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Stress detracts blood
from the immune, digestive
and reproductive systems

When we encounter a stressful situation our body's protective response is to produce stress hormones, cortisol and adrenaline, to speed up the heart rate and send blood to the muscles to galvanise the body. If this response prolongs, our body is pushing blood to the muscles and not to the immune, digestive and reproductive systems. Therefore prolonged reaction to stress can lead to the dysfunction of these systems.

So managing our stress levels in midlife, is one of the adjustments we need to be aware of to improve our health.

Hormonal weight gain can be caused by chronic stress. Oestrogen can be produced by fat cells however if chronic stress has created ongoing adrenaline production, the adrenals can't produce enough oestrogen to balance, so they start to store food as abdominal fat.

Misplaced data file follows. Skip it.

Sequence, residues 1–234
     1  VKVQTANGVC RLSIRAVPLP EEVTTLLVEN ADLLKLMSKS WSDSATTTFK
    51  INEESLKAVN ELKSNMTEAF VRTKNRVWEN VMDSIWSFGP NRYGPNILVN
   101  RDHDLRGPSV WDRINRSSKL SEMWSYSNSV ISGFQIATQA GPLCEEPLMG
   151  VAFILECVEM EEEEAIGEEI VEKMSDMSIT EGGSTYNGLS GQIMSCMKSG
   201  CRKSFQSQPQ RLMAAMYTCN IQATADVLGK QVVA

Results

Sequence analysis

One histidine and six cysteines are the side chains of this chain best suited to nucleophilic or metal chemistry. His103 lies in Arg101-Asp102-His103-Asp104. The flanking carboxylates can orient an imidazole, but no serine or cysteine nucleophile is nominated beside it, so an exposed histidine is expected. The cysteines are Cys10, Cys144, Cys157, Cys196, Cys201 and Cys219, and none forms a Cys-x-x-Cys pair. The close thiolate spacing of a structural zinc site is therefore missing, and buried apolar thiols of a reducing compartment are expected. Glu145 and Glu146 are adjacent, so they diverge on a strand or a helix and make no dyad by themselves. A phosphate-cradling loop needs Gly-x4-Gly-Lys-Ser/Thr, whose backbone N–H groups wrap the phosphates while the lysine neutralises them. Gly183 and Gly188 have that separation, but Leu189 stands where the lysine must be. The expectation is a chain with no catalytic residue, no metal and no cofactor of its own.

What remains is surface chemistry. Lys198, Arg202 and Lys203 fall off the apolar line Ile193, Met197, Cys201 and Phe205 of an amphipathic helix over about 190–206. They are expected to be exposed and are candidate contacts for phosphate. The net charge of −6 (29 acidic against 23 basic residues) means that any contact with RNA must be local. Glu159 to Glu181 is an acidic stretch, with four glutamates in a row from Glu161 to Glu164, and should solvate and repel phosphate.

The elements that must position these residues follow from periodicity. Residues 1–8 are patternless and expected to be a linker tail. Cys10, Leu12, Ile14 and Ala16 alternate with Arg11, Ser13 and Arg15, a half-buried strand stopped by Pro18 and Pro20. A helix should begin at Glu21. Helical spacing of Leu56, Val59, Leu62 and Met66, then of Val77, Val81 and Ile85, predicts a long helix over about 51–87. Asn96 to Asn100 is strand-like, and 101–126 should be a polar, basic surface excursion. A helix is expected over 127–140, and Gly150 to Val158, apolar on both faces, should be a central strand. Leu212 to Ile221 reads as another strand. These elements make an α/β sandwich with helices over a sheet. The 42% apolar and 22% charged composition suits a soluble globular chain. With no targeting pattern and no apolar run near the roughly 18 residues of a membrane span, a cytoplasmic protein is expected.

Reduction of Progesterone, the feel good hormone, can increase stress...

Progesterone acts as a natural antidepressant, enhances mood and relieves anxiety. It is a natural inhibitor of the release of serotonin and dopamine (happy hormones) and has a calming effect on the brain.  It stimulates the brain's GABA receptors, the feel-good, calming neurotransmitters. So it is easy to understand why anxiety can surface when your progesterone levels are low.


· Nourishment: Nutrition & Supplements
· Movement: Mind & Body